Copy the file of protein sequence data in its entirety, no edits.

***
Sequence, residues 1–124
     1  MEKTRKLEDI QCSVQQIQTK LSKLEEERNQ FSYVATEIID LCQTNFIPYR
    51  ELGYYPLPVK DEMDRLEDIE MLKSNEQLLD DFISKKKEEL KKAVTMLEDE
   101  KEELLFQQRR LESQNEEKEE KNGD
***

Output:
Sequence, residues 1–124
     1  MEKTRKLEDI QCSVQQIQTK LSKLEEERNQ FSYVATEIID LCQTNFIPYR
    51  ELGYYPLPVK DEMDRLEDIE MLKSNEQLLD DFISKKKEEL KKAVTMLEDE
   101  KEELLFQQRR LESQNEEKEE KNGD